earthquakes and wars

Greetings from Dubrovnik in Croatia.
Dubrovnik greeted us on the first day of summer (21st June) and produced a beautiful warm day. In fact, the seven-day weather forecast is showing seven bright suns. George Bernard Shaw is quoted as saying that “those who seek paradise on Earth should come to Dubrovnik”. The old city is a walled city built on a rocky peninsula facing a deep and handsome harbour on the Adriatic Sea. The new city is built on steep clay slopes above the water.

The complex history of the city includes a debilitating earthquake in 1667 when 5000 residents were killed and the city burnt to the ground. In 1991 the Montenegro and Serbia armies attacked and wreaked considerable destruction and death on the city. Local men who died in defence of the city are memorialised in photographic form in a museum here. In both cases, the locals have shown rare stoicism and resilience and rebuilt their city within decades.

fresh memories

The Jugoslavian war is, of course, a very fresh memory. On one building in the old city, Ivo has authored this piece for the benefit of the tourists who sidle past in their throngs every day:

at 7 am a shell – one of the first to hit the city – hit our house. At 7:20 am the third fateful one set fire to our house. I tried to extinguish it in the attic with a few buckets of water but I failed. Shells kept falling and we had to abandon the burning house! I carried my old mother (aged 88) to the ground floor and then to the neighbourhood. . . .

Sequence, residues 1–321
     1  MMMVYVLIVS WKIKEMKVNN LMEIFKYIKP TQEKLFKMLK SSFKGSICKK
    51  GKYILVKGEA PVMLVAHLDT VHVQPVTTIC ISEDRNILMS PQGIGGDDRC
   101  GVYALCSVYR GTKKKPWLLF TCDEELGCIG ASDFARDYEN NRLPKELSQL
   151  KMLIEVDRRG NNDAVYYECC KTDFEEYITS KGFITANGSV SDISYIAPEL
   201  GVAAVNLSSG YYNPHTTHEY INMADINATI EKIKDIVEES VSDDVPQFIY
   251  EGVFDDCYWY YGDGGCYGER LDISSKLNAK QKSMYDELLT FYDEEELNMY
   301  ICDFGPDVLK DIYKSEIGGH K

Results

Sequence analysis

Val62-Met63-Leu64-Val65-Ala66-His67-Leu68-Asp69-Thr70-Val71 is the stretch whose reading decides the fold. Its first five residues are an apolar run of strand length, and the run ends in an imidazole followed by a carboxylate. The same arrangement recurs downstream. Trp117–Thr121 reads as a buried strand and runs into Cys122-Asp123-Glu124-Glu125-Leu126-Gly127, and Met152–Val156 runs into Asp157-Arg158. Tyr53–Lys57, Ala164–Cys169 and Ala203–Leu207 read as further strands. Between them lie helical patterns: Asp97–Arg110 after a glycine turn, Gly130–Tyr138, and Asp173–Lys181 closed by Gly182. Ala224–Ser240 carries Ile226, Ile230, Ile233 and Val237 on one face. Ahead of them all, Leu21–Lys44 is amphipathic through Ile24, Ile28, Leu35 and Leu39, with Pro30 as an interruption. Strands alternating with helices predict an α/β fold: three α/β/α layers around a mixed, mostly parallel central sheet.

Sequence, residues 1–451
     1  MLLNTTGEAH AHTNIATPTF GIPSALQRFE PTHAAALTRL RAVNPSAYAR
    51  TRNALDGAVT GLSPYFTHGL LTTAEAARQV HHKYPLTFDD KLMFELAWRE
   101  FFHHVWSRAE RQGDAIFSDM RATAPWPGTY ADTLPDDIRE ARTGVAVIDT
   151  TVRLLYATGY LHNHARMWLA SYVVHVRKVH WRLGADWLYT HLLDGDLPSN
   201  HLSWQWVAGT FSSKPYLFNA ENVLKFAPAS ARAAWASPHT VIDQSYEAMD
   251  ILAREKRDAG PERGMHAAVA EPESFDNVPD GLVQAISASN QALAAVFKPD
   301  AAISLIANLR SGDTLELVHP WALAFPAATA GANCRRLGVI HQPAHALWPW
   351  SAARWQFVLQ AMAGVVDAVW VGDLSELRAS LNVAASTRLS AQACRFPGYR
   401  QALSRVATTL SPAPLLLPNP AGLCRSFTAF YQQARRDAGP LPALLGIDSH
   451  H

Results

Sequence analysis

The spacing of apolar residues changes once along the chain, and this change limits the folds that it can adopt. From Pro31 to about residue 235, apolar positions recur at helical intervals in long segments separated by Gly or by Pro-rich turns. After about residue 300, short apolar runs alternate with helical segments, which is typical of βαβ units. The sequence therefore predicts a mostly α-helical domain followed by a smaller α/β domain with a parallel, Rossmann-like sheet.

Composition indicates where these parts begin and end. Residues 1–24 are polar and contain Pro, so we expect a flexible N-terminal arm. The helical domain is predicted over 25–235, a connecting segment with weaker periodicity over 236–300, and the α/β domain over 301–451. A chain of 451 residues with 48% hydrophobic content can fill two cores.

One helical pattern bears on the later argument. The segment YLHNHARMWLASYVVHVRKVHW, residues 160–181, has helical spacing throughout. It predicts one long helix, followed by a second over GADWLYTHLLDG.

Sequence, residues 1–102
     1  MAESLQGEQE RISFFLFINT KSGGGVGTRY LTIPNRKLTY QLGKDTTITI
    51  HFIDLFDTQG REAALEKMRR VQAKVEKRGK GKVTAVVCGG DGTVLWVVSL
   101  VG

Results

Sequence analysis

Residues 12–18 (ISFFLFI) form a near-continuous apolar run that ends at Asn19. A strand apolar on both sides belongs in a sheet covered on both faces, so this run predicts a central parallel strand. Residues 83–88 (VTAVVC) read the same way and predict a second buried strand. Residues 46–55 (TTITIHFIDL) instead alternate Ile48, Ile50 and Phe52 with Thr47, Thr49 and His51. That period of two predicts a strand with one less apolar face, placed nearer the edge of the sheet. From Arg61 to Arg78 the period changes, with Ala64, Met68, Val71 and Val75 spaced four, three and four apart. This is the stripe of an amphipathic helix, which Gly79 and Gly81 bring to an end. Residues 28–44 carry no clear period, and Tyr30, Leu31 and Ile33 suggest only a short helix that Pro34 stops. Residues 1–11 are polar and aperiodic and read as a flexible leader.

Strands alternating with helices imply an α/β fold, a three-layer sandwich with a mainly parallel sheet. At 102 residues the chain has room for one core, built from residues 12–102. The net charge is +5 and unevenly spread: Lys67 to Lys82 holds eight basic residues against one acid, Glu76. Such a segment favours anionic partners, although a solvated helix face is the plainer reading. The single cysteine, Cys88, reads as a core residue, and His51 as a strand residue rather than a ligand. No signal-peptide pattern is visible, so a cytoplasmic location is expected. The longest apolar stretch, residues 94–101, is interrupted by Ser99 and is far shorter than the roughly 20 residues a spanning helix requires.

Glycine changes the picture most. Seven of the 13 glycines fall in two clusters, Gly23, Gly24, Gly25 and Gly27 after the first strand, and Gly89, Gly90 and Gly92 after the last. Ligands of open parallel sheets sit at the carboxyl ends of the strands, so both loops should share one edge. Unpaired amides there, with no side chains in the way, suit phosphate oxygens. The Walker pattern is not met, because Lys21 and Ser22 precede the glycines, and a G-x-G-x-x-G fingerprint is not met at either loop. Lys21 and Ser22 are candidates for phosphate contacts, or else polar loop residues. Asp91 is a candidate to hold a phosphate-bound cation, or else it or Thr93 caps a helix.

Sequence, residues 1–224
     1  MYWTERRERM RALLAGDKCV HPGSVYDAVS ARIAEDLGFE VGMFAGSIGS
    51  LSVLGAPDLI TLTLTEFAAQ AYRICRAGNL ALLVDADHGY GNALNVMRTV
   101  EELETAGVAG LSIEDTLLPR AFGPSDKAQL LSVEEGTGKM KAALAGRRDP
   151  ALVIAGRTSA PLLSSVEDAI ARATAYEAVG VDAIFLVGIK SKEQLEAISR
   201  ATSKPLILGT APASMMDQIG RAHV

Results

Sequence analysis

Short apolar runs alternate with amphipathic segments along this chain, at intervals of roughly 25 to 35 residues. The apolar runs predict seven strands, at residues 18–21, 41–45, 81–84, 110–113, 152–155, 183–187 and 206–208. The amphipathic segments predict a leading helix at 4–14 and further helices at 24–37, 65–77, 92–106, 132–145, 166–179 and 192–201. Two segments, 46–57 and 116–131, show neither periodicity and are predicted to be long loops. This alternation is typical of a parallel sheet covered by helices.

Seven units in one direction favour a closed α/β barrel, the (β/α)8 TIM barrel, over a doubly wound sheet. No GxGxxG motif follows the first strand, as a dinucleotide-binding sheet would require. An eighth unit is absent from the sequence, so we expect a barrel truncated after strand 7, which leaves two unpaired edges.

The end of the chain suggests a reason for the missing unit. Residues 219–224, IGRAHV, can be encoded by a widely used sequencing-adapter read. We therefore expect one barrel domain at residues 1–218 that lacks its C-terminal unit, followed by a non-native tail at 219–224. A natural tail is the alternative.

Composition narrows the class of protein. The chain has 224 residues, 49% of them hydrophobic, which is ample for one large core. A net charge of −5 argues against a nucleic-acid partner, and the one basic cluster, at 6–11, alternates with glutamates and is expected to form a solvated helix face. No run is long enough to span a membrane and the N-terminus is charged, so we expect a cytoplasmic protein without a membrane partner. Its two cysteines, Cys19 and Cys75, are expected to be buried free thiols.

. . . By the nightfall all 7 mortar shells fell on our house. Three of them were incendiary bombs! Thank god we were not hurt!

Dubrovnik is known now as the City of Freedom. It draws many people because of the shiny marble roads, the seaside outlook, the medieval splendour of the town and its bustle as an unconfronting centre of commerce. The nightlife and the shops are also possibly big attractions. At this time of year the evenings are balmy and the locals enjoy being outside until late. 
Today is a public holiday: an anniversary of the resistance to fascism in 1941. 
After we walked around the walls of the city – in a full circumference – we found a few square meters unoccupied on the beach and dipped in the temperate waters of the sea. I’m reliably informed that during the height of summer the beaches can be even more crowded! Overheard here (from a group of young Americans): “This beach is, like, so unplanned.”
Whilst walking around the old town, overheard between two Americans: “So, what is a cathedral anyway?” Other: “It’s kinda like some big, giant church or something.” You think I’m making these up, don’t you?
   “The Dubrovnik Times” is printed in English for the tourists and contains some illuminating snippets. A local 3-year old girl is said to be able to fluently speak four languages : Croatian, English, Italian and French. Also, a local bakery was tired of frequent burglaries and pinned up a sign claiming that the premises were patrolled by Chuck Norris (who, incidentally, has never been there) and thereafter the burglaries ceased. They also publish a transcript of an interview with two Sydney-born Croatians who have returned to Croatia permanently. The two – siblings in their 20s – say that the main difference between Croatia and Australia is the size of the cities and the hot climate in Sydney.
  Water polo is the big sport here in Dubrovnik. The local people play in what’s known as “The Wild League” during the summer months. The newspaper states the claim that they play with such fervour that it can be compared to a religion. Apparently the competition’s name is due to the unstated aim: to ensure that the referee is thrown into the sea each game.
 iz hrvatske,


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